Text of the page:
Thursday, February 10, 2011

You Always Hit The One You Love

 Being the oldest child of an alcoholic father and a suicidal, wheelchair-bound mother left me feeling responsible for things that were well beyond my years. Most of all, I felt that I was responsible for protecting all of us from my father. No one else was going to step in, and somebody needed to, so I did what I could. I failed more than I succeeded, and I struggled for years with the guilt. The guilt is gone, but I still go batshit crazy when someone I love is being wronged. If the wrong is being done to an animal or a child, I don't have to know them to stick my nose in. Maybe I should mind my own business more: but the times that people stuck up for me are etched indelibly in my heart.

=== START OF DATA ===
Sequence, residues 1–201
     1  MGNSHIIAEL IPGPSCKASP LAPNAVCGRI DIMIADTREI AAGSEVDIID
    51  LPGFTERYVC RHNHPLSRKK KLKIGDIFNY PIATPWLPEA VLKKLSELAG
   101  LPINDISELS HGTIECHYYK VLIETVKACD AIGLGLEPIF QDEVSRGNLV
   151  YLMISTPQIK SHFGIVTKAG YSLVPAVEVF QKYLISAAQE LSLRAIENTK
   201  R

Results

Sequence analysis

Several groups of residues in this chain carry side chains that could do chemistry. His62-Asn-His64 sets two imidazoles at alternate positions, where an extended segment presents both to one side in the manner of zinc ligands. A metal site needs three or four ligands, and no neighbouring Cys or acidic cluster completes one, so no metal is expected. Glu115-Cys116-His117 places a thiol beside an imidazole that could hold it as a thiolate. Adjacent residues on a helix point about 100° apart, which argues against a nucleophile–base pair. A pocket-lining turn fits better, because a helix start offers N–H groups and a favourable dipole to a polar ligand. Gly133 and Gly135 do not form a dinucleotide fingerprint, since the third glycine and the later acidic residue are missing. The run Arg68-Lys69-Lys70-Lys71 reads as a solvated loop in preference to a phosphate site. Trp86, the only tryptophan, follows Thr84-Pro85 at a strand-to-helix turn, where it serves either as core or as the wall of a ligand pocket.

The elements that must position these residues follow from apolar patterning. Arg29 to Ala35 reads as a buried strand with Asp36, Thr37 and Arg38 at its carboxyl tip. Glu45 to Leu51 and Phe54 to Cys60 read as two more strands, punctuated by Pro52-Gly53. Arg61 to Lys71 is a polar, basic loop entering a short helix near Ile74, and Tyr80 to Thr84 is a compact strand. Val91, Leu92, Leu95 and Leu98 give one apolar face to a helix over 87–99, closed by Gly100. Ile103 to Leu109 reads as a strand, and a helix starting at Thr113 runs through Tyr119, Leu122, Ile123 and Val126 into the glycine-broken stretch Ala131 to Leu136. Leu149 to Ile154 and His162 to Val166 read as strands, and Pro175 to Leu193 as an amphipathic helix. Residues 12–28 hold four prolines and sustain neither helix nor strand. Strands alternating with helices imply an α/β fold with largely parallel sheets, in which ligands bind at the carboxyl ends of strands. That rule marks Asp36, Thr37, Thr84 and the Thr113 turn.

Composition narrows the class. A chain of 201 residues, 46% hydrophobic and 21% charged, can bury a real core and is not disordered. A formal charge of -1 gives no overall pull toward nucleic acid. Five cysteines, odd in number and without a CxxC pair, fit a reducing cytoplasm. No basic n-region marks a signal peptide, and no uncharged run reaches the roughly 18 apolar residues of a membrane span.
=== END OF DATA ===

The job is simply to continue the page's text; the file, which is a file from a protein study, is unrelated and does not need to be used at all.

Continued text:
I remember the first time I swung at my dad. I know it was evening because my brother Charlie was in his pajamas. Charlie was 3 then, so I was probably 10. I don't remember exactly what Charlie said, something silly that made me laugh: it wasn't obscene or disrespectful or anything like that, but my father misheard it and it pissed him right the fuck off. Dad came out of his chair and went for Charlie as though he was a full-grown man. I sat rooted to my seat, so choked with terror that it felt like I couldn't breathe. And then, as my father drew his fist back, my brother screamed my name. MY name. In a split second my fear had vanished, to be replaced by a cold hard rage. My father punched Charlie as I grabbed a lamp off the table. I hit him with it as hard as I could, which must have been hard enough because the lamp broke. THAT got his attention. Time slowed down as my father turned towards me, and the fear returned, but it didn't paralyze me. I yelled at my brother to go to bed, and then I faced off with the old man. I can't quote what I said but among other things I told him to grow up in a hard-driven avalanche of words. When I stopped he halfheartedly growled something at me and he left. I followed him into the hall, to make sure he wasn't going to my brother's room, but to my amazement he went to bed. I stood quivering in the hall until I could catch my breath, and then I cleaned up the shards of broken lamp. I knew that I would pay for my actions soon enough, but in that moment I wasn't afraid. Lack of fear was a profound thing: in his presence I was always afraid. But not then.